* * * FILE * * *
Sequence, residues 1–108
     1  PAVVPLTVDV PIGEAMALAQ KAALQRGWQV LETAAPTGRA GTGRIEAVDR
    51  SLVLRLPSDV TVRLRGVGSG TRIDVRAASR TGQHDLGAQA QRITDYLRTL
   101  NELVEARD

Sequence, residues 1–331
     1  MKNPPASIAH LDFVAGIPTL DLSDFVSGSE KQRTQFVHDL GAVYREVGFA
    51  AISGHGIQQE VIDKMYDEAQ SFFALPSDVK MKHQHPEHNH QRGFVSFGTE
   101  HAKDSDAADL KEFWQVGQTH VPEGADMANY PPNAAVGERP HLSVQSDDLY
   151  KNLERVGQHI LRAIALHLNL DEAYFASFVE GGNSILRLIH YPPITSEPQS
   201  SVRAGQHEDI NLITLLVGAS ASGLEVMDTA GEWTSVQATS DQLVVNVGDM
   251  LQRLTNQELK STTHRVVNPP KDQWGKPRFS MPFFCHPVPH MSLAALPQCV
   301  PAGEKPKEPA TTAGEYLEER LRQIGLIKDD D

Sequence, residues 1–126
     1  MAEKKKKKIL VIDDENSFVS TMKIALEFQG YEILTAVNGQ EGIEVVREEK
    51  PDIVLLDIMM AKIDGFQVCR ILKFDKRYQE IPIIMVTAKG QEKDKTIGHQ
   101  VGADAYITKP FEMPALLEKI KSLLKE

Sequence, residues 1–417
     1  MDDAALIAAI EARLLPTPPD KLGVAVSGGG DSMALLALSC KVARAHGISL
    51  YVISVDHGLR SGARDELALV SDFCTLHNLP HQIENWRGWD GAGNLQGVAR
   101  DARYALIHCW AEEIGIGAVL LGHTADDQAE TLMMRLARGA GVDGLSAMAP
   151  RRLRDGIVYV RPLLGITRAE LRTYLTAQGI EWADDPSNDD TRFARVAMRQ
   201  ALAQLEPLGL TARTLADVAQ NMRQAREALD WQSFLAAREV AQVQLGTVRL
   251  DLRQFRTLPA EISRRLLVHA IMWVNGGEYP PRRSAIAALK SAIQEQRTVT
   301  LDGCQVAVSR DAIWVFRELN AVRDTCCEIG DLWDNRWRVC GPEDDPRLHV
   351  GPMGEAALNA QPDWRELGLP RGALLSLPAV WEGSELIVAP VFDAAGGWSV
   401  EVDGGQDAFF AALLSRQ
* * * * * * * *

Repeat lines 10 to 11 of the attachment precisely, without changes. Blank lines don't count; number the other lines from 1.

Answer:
   201  SVRAGQHEDI NLITLLVGAS ASGLEVMDTA GEWTSVQATS DQLVVNVGDM
   251  LQRLTNQELK STTHRVVNPP KDQWGKPRFS MPFFCHPVPH MSLAALPQCV